NFL

Jerry Jones Just Sent a $7 Million Message to Dak Prescott

When it comes to the Dallas Cowboys, there’s one universal truth: Jerry Jones is going to do what Jerry Jones wants. Whether that means running the draft, picking the head coach, or speaking to the media at every possible opportunity, the owner is never afraid to put himself in the spotlight. He did that on Saturday night, signing a quarterback other than Dak Prescott to a new contract.

That quarterback, of course, is Andy Dalton, who’s returning to Texas after spending his professional career in Cinncinatti. While the does serve a football purpose, it also sends a message to Dak Prescott.

Jerry Jones and Dak Prescott still can’t agree on a contract

Historically, Jerry Jones is no stranger to spending money. This offseason, however, his negotiations with Dak Prescott are stuck in a deadlock.

Earlier this year, the Cowboys slapped their franchise tag on Prescott. While the parties continued negotiating, they still haven’t been able to hammer out a deal; they seem to be in the same ballpark on money, but can’t agree on a term. The club wants a five-year commitment, but Prescott’s camp is holding firm on four, which would give him another free agent payday during his prime.

While there’s no imminent rush—negotiations can continue into July—some time-based complicating factors have emerged. Prescott isn’t taking part in the team’s virtual offseason program and is now mourning the loss of his brother. While it’s understandable Dak might want to take a step back from the negotiating table, every day he remains unsigned is a day the Dallas Cowboys won’t get back.

Jerry Jones brings Andy Dalton back to Texas

On Saturday night, news broke that the Dallas Cowboys had signed a quarterback. It wasn’t Dak Prescott, though; Jerry Jones inked Andy Dalton to a one-year deal that could be worth up to $7 million.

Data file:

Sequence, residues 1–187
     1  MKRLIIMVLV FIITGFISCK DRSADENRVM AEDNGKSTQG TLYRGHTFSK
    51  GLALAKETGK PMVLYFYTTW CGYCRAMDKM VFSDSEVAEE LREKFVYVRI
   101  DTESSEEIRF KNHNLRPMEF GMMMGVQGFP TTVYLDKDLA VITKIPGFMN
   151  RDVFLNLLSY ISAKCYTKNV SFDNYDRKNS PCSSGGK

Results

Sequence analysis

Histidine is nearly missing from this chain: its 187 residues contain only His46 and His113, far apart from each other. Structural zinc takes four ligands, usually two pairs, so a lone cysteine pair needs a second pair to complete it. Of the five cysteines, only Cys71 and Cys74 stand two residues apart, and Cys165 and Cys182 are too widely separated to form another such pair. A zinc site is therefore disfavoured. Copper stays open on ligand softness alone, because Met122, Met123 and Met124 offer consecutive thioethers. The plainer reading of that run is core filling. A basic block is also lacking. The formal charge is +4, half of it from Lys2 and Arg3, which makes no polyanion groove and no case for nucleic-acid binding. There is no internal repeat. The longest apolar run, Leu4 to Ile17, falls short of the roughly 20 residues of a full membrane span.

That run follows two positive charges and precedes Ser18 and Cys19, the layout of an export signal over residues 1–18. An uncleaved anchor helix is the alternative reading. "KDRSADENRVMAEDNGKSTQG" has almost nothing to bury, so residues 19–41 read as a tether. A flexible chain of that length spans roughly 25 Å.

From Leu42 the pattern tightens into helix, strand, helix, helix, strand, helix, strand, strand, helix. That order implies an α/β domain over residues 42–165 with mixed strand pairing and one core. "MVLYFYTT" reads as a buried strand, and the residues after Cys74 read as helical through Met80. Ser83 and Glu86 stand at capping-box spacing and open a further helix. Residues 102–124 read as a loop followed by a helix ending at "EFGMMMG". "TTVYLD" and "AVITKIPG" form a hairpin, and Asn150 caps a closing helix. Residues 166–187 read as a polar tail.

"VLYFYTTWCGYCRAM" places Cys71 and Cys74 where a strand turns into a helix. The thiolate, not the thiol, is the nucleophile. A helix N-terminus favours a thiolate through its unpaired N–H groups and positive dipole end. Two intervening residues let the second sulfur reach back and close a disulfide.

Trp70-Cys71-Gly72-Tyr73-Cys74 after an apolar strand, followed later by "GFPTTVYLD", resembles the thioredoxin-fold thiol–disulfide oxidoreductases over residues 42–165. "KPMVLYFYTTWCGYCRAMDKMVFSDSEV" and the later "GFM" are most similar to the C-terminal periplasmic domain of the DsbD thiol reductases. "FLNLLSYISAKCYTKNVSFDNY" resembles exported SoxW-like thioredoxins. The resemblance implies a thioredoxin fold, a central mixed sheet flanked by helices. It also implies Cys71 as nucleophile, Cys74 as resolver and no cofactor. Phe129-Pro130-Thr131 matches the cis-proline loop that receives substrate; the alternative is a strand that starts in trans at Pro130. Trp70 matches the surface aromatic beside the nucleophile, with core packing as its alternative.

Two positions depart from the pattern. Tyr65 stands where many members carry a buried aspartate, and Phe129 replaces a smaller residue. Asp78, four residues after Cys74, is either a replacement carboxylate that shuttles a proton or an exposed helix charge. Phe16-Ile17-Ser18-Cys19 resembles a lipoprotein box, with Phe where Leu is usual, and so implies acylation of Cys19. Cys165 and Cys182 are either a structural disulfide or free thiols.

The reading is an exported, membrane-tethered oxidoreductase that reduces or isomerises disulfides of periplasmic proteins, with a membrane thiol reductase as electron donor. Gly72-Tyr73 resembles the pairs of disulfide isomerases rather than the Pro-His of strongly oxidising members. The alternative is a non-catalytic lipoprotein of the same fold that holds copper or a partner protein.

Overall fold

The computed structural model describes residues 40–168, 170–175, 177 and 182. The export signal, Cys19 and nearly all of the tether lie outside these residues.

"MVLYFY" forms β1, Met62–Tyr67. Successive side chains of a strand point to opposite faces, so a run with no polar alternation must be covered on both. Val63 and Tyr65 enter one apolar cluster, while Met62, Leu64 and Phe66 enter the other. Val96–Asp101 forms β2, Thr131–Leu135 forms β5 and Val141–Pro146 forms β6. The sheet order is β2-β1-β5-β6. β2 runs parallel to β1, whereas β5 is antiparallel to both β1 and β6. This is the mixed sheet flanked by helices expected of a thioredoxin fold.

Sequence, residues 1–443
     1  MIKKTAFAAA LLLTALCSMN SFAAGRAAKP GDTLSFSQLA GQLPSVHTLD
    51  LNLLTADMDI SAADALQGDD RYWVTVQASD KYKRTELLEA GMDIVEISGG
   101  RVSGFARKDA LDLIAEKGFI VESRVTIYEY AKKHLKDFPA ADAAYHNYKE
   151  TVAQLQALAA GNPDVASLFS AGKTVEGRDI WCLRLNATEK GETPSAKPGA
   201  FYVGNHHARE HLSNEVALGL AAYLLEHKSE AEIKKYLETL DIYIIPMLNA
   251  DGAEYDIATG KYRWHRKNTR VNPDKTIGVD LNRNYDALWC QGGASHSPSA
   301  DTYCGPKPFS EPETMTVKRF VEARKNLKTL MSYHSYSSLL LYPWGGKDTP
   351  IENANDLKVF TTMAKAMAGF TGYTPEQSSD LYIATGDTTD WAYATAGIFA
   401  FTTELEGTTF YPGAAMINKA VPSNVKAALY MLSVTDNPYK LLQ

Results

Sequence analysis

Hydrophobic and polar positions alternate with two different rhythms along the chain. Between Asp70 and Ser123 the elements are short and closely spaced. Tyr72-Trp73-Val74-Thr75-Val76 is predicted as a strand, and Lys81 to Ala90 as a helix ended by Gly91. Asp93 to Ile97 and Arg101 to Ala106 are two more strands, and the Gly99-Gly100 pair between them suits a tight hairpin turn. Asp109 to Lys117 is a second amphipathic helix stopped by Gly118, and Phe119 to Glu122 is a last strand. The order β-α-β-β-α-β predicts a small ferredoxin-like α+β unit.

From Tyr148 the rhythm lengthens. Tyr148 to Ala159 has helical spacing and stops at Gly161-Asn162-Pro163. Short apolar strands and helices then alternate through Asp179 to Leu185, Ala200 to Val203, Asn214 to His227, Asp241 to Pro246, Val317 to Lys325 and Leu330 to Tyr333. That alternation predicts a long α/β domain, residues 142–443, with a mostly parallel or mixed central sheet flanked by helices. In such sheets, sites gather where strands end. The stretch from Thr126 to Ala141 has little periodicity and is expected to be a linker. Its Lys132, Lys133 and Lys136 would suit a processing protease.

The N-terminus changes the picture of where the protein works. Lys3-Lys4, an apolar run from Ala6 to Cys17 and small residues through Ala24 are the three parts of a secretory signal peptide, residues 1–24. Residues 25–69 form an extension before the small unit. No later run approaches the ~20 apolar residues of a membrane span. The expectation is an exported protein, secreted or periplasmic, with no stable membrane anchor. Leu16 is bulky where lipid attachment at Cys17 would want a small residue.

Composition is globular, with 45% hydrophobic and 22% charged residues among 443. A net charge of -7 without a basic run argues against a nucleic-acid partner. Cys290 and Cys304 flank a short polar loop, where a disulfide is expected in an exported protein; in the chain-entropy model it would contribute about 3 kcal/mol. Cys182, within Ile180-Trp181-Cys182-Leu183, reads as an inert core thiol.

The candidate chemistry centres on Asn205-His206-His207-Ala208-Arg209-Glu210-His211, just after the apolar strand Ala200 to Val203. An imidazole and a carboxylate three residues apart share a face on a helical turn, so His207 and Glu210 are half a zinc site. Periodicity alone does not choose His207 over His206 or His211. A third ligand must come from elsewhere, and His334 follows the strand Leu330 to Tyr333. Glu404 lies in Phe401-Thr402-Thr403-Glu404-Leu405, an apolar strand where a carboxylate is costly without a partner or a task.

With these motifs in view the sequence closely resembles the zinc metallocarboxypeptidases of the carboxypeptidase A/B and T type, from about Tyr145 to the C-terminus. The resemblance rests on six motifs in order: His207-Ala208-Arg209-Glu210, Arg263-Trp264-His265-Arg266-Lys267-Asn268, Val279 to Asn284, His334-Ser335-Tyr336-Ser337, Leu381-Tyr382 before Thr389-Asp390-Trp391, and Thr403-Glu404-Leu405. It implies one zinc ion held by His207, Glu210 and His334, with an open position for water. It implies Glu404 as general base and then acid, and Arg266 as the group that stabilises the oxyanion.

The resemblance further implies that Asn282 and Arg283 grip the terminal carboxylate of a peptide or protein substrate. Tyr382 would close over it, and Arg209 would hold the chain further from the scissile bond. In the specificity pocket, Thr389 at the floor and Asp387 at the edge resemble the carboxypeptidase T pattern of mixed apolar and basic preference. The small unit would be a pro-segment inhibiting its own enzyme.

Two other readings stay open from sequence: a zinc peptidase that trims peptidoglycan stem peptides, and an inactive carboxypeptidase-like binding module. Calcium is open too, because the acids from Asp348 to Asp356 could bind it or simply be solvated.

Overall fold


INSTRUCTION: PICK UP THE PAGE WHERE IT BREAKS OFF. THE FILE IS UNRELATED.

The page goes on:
From a football perspective, the signing makes sense. During his time in Cincinnati, Dalton proved to be a solid quarterback. While he was never able to carry the club to the promised land, he’s more than capable of stepping in during an emergency. As the Kansas City Chiefs showed last year, even teams with an elite starter shouldn’t skimp on a backup.

While ESPN was sure to note that “the addition of Dalton does not affect the Cowboys’ feelings toward Prescott,” the move does remove some of the incumbent’s leverage. With Cooper Rush and Ben DiNucci on the roster, Dak could call Jones’ bluff and dare him to start the season with someone else under center; Dalton isn’t the ideal starter, but he’s less of a downgrade, especially if he spends the offseason working with Mike McCarthy while Prescott holds out.

Did Jerry Jones actively engineer this signing to force Dak Prescott back into negotiations or actively replace his incumbent? Probably not, but it will still send a $7 million message. Signing Andy Dalton was a smart football decision, but it does show that the Cowboys have a Plan B if Prescott does hold out or plays poorly on his one-year franchise tag.

What comes next for Dak Prescott?

In an ideal world, Dak Prescott and the Dallas Cowboys would have worked out a new contract before the quarterback’s previous deal expired. At this point, however, that’s nothing but a fantasy. Despite the current impasse, though, it’s hard to imagine that the parties won’t agree to a new deal before the July deadline.

For all of Jerry Jones’ poor decision making, he (theoretically) wants to win football games; it’s hard to imagine that he’ll let Prescott, who represents his best chance at winning, walk away. The same can be said for Prescott. While holding out may seem worth it in the long run, we’ve seen plenty of player balk once they start missing games.

Given the realities of the current negotiation—both sides met at the same table and came within a year of agreeing—it’s hard to imagine that things don’t work out. Signing Andy Dalton, however, does give Jerry Jones a chance to use the nuclear option. Doing so would be a bad move, but we’ve seen stranger things happen in Dallas.